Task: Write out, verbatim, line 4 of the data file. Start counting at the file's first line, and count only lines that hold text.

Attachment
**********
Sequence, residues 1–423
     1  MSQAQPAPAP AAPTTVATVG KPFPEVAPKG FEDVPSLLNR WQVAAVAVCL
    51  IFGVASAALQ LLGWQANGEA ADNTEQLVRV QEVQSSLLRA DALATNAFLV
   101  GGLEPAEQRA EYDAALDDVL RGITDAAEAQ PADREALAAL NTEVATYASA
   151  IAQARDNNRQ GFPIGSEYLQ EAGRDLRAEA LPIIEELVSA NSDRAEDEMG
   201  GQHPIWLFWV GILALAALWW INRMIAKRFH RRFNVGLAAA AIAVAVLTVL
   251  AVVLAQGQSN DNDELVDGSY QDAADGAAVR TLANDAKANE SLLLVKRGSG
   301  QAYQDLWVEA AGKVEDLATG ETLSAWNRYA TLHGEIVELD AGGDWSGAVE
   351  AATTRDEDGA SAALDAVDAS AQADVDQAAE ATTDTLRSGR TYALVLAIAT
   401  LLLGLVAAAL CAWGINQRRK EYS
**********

   101  GGLEPAEQRA EYDAALDDVL RGITDAAEAQ PADREALAAL NTEVATYASA